Development of combination antiretroviral therapy resistance in post-transplant animals
The different experimental groups used in this study are outlined in Fig. 1a. We compared three animals that were challenged with SHIV, but did not undergo transplant (‘group I: no transplant’), two animals that were transplanted subsequent to SHIV challenge (‘group II: SHIV-transplant’), and two animals that were challenged with SHIV post-transplant (‘group III: transplant-SHIV’). All seven animals were challenged with 9500 TCID50 of the CCR5-tropic env-SHIV, SHIV1157-ipd3N4 intravenously, and received a three-drug cART regimen following SHIV challenge. As shown in Fig. 1b and c, group I and II animals displayed ranges of peak viral load and viral set points that were consistent with previous observations made by our lab and others [11,15,16]. In all group I and II animals, three-drug cART initiated at 25 weeks durably suppressed plasma viremia, with occasional viral blips, to the limit of detection of our assay (30 copies/ml). Group II animals remained durably suppressed during HSCT (Fig. 1c). By contrast, group III animals exhibited sustained peak viremia through 10 weeks, with associated thrombocytopenia and low hematocrit (Fig. 1d and data not shown), necessitating an earlier initiation of cART (groups I and II: weeks 25–27; group III: weeks 9–10). Interestingly, neither group III animal was effectively suppressed by cART; although plasma viremia declined, it remained 2–4 logs above the limit of detection (Fig. 1d). These results suggest that immunosuppressed animals undergo a more severe course of acute infection relative to controls, including sustained viremia and resistance to a previously validated cART regimen .
Resistance mutations in SHIV map to combination antiretroviral therapy target genes Pol and reverse transcriptase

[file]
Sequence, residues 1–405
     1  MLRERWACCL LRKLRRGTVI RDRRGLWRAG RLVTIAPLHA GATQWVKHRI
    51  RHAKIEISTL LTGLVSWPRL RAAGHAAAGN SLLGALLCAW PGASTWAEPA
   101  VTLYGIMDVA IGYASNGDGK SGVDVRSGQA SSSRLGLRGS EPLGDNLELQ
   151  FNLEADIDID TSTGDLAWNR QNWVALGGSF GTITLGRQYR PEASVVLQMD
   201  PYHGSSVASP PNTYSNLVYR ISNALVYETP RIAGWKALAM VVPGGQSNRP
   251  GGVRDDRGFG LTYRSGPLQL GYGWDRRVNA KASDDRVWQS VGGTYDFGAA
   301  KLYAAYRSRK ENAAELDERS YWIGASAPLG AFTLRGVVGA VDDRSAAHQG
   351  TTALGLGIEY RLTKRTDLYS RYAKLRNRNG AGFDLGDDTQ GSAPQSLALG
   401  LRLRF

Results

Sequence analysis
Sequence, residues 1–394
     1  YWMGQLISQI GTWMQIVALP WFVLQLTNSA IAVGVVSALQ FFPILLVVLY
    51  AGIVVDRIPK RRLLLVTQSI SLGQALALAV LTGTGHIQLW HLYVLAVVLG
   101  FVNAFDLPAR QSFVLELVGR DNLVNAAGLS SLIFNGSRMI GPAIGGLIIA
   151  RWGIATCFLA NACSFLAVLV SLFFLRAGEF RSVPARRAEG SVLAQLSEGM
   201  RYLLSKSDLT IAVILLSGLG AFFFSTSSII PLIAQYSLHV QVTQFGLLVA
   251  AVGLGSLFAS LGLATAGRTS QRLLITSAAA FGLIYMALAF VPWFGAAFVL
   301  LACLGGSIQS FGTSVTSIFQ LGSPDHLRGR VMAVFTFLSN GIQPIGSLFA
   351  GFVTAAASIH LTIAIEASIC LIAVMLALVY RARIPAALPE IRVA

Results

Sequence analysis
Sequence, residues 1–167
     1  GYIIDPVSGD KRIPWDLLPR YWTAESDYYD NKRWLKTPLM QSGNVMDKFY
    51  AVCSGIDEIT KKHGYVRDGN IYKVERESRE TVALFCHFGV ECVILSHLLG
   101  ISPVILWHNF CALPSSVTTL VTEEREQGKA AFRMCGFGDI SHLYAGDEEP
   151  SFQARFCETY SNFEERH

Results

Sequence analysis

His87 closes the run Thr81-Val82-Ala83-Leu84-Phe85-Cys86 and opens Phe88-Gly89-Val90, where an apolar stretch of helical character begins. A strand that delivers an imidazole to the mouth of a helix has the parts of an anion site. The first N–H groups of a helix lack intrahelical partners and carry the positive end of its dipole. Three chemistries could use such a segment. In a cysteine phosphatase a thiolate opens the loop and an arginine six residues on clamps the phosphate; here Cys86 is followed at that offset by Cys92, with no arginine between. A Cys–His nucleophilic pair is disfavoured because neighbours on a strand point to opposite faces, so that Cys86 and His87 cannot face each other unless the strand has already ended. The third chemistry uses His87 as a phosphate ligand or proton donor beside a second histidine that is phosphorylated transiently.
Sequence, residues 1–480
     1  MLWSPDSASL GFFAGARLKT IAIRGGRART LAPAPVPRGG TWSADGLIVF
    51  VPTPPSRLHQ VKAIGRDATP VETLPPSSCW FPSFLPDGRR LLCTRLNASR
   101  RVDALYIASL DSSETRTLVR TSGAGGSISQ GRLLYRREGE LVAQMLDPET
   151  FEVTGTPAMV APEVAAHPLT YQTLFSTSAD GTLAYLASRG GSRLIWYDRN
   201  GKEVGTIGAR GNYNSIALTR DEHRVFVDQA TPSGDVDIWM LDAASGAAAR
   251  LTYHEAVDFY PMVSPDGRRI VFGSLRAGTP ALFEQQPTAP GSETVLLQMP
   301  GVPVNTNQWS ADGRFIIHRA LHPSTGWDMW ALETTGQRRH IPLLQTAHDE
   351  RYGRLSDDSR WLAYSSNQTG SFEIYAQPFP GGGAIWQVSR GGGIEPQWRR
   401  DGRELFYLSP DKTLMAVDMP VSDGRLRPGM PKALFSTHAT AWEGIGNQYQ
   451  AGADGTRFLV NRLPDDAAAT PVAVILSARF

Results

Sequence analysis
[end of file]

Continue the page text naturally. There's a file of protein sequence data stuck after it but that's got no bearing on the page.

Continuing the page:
We hypothesized that cART resistance in group III animals could be due to development of cART resistance mutations. We therefore employed a deep sequencing approach to monitor viral evolution in these animals. Total RNA was isolated from plasma from groups I–III at multiple time points following SHIV challenge, then reverse-transcribed, sequenced, and compared to sequence data from the SHIV inoculum. We focused on the SIV RT and integrase (IN) coding regions, the two targets for cART components PMPA/FTC and raltegravir, respectively. In group I and II animals, no resistance mutations were observed prior to cART (Supplementary Table 1, http://links.lww.com/QAD/A695), and the subsequently durable and sustained suppression in these animals is a strong indicator that no drug resistance mutations emerged (although this was not confirmed as viral loads became too low for deep sequencing). Consistent with our hypothesis, we detected multiple known drug resistance mutations in group III animals following cART initiation (Supplementary Table 1 and Fig. 2, http://links.lww.com/QAD/A695). Pol (polymerase) N155H – a raltegravir resistance mutation [17–19] – was detected within 3–9 weeks of cART initiation in the group III animals (Fig. 2a). In A11202, this mutation had grown to saturation when the animal was necropsied 38 weeks post-SHIV challenge. A11205 was euthanized at 27 weeks post-SHIV challenge due to persistent thrombocytopenia and anemia, at which point the N155H mutation constituted 71% of the total population of SHIV Pol sequences. As was observed with A11202, this mutation was also trending towards saturation. The PMPA resistance mutation, K65R in SIV RT [20–22], was also detected in animal A11202 within 15 weeks of cART initiation (Supplementary Table 1 and Fig. 2b, http://links.lww.com/QAD/A695). Hence, selection of cART-resistant SHIV viruses appears to be facilitated in post-transplant animals.